The Liberty Quarter Eagle

The Liberty Quarter Eagle, which carried a face value of $2.50, was issued from 1840 through 1907. It holds the unique distinction of being the longest-lived American coin design. Neither the obverse nor the reverse was modified one bit over the coin’s life span. Some might believe the Lincoln Cent holds this record, as its obverse has not changed for 107 years, but the Lincoln “penny” has undergone numerous changes on the reverse.

The coin was struck at five different mints: Philadelphia (1840-1907), Charlotte (1840-1860), Dahlonega (1840-1859), New Orleans (1840-1857) and San Francisco (1854-1879). For many years it was the smallest circulating United States gold coin, as the Gold Dollar was only issued from 1849 through 1889. It was a staple of everyday commerce; Quarter Eagles were more likely to be encountered in circulation compared to the larger gold denominations.

Liberty Quarter Eagles were finally discontinued in 1908 when it was replaced by the Indian Quarter Eagle. President Theodore Roosevelt felt that America’s gold coins had become stale – and the Liberty Quarter Eagle was a perfect example. After decades of production without any modification whatsoever, the coin was in dire need of a refresh.

The series contains a number of major rarities, the most famous of which are the 1841, 1854-S and 1863 issues. The 1841 Liberty Quarter Eagle had a tiny mintage of just 20 pieces; specimens now command well over $100,000 at auction. The 1854-S is even scarcer despite having a higher mintage of 246 coins. Just a dozen coins are believed to exist today. Depending on grade, these are worth $250,000 to $400,000. The 1863 Quarter Eagle is a rare proof-only issue with a reported mintage of 30 coins.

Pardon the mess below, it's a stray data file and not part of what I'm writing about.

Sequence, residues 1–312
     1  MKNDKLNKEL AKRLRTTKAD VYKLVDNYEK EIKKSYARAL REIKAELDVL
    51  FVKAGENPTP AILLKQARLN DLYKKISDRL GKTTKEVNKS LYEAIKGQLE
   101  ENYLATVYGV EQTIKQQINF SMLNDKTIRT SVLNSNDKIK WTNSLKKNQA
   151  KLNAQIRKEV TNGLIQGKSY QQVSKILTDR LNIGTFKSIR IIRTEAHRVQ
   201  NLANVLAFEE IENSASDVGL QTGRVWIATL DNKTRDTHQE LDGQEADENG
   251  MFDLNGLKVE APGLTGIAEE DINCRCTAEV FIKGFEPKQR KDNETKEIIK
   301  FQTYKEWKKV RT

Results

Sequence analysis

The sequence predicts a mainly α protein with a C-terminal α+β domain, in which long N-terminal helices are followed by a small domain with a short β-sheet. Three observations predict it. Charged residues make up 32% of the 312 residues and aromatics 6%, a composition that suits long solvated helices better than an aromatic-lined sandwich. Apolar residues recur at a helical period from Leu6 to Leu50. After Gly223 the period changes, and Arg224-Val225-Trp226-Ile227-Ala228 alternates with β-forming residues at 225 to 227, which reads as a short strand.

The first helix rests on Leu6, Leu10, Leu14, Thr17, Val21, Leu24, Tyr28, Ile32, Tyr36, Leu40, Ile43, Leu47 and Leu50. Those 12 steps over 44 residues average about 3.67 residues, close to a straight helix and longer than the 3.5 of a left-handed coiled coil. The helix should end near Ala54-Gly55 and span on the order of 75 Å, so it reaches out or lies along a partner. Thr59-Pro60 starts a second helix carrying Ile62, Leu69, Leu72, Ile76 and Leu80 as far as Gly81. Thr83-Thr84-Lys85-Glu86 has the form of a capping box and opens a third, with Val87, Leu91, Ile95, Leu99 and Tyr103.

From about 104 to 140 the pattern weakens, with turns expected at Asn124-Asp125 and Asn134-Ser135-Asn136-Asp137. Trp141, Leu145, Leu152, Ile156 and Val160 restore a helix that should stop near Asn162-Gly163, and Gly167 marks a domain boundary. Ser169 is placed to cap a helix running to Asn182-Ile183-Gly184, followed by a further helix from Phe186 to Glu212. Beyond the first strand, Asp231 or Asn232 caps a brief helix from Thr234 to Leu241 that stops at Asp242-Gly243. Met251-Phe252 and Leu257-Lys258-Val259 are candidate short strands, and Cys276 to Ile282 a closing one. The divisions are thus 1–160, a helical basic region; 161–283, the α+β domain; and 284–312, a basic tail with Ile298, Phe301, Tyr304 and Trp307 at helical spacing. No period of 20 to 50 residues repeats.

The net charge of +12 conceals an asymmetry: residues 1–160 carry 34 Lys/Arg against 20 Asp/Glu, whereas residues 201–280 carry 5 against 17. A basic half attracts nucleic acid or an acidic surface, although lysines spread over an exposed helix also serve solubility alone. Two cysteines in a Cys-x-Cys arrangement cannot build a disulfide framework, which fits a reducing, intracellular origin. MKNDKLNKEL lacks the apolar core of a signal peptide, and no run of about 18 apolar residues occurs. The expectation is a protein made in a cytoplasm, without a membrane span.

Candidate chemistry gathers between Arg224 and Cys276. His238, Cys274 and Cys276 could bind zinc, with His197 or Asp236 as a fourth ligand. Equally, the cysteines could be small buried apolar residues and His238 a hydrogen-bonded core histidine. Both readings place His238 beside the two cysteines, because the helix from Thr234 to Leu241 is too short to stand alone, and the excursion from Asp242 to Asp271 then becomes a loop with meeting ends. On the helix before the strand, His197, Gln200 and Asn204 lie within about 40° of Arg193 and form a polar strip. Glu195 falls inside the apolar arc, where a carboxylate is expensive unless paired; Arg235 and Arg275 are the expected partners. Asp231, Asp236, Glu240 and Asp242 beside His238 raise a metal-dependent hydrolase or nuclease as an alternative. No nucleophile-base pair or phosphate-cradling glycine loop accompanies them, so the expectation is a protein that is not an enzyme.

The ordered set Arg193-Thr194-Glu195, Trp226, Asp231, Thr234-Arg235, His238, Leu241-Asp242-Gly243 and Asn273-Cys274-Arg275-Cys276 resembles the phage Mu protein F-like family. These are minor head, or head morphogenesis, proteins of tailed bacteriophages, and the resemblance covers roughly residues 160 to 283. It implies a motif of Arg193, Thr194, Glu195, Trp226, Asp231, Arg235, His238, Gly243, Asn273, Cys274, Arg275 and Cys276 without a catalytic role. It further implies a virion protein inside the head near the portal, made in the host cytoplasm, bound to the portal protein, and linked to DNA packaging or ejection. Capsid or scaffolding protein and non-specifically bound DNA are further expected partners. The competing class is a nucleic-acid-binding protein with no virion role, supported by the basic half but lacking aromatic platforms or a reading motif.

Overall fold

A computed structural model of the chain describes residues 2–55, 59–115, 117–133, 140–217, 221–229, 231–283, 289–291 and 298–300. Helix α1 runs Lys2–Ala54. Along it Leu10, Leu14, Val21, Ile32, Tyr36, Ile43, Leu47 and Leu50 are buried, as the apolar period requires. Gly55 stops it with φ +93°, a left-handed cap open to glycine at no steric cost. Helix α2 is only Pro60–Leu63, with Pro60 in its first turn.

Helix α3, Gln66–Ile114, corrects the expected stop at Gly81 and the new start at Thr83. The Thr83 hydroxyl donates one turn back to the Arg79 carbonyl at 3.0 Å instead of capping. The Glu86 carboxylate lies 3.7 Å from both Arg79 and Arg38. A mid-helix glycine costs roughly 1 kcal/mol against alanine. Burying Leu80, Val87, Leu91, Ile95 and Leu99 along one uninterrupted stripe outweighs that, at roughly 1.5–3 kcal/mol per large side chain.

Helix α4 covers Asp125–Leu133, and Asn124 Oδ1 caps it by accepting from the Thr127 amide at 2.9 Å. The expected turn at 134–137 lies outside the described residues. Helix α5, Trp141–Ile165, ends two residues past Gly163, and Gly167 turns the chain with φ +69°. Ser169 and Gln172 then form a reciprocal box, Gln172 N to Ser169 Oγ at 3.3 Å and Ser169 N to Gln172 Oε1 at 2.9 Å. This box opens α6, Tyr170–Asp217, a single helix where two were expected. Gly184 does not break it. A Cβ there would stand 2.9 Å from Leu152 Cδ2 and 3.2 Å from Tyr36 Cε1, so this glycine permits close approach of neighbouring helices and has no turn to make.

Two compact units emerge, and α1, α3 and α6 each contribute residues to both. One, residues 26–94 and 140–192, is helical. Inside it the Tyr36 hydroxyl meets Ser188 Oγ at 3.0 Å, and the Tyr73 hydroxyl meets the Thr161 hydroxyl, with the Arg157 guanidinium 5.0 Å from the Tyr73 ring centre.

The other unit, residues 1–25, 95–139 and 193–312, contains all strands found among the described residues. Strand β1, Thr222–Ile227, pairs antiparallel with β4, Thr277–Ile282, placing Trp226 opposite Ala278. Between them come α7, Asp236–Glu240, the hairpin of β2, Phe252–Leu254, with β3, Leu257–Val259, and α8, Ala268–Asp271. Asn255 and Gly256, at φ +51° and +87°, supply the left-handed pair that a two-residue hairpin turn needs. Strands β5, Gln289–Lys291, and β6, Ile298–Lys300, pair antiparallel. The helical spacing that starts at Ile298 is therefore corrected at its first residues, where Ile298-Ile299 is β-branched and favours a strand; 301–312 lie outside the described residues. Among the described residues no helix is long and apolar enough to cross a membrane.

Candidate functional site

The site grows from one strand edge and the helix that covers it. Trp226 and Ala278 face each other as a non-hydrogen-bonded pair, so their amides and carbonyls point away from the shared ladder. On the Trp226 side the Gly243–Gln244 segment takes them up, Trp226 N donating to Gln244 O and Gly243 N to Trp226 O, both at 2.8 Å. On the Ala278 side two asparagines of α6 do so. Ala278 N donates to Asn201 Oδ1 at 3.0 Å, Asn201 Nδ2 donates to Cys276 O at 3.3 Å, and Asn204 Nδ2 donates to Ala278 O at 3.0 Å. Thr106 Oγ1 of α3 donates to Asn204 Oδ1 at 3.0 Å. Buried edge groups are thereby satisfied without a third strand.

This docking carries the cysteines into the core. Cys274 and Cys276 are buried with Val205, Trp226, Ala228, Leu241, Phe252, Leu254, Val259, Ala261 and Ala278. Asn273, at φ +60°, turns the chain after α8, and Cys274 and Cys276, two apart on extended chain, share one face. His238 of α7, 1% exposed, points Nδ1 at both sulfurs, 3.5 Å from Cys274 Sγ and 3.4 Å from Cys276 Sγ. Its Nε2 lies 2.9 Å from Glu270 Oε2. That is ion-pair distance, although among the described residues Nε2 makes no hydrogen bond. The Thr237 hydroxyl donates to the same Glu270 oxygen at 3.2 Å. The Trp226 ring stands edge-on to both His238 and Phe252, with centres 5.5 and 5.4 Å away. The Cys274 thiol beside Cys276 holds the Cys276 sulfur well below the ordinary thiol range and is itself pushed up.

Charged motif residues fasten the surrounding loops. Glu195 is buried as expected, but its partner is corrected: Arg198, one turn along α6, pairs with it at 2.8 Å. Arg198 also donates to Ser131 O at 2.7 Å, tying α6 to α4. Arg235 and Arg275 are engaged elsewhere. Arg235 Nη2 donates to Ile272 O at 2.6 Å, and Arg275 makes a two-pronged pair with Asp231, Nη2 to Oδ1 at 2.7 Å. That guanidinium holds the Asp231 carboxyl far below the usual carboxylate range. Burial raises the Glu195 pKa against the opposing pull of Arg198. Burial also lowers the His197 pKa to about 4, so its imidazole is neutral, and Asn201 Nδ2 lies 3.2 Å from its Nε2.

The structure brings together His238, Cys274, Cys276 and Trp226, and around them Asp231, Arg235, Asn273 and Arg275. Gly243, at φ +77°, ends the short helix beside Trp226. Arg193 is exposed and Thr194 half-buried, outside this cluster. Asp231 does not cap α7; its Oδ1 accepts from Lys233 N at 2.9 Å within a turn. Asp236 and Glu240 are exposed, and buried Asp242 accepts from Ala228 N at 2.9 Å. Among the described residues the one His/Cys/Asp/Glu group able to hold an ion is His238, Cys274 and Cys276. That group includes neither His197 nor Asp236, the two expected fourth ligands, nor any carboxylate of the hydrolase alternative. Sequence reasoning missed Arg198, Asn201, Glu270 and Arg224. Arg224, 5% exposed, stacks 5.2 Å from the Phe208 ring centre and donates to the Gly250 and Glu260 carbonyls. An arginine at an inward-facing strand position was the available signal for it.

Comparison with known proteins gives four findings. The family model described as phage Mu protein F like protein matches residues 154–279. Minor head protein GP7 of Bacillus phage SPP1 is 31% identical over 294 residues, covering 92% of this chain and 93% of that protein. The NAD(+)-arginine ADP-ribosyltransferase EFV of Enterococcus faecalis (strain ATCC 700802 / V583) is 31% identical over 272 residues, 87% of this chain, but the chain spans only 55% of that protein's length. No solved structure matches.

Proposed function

On the other end of the price spectrum, many dates can be had in lightly circulated condition for under $400. Even low-end uncirculated pieces are available in the $500-$750 range. This is especially true for dates in the 1895-1907 range. Even Superb Gem specimens are seen with regularity. Nearly-perfect coins graded MS67 appear on the market frequently and only sell for $3000-$5000 depending on date.

The $2.50 Liberty Quarter Eagle was also struck in proof format. Dates from the 1840s through 1870s are extremely rare (and valuable), but the later dates are somewhat more affordable. A small number of virtually perfect proofs have been certified by PCGS and NGC at the Proof 68 and Proof 69 levels. These stunning pieces exhibit deep, reflective fields and intensely frosted design features.

  • Posted on August 1, 2016
  • By TPM
  • Library

Sorry, you must be logged in to post a comment.


Though there is some debate among historians, Texans themselves generally cite 1836 as the year of Texas’ independence. In the early 1930s, large celebrations were planned...
The American Gold Eagle is one of the world’s most popular bullion coins. First introduced in 1986, it has become one of the most recognized and frequently traded forms of gold....
When the $20 “Saint” was first introduced in 1907, the United States Mint struggled to perfect the coin’s design. In its original form, the coin’s design was extremely...
The Morgan silver dollar, for a number of reasons, is arguably the most popular of all United States coins. For one, they are big, beautiful coins. Their substantial size and...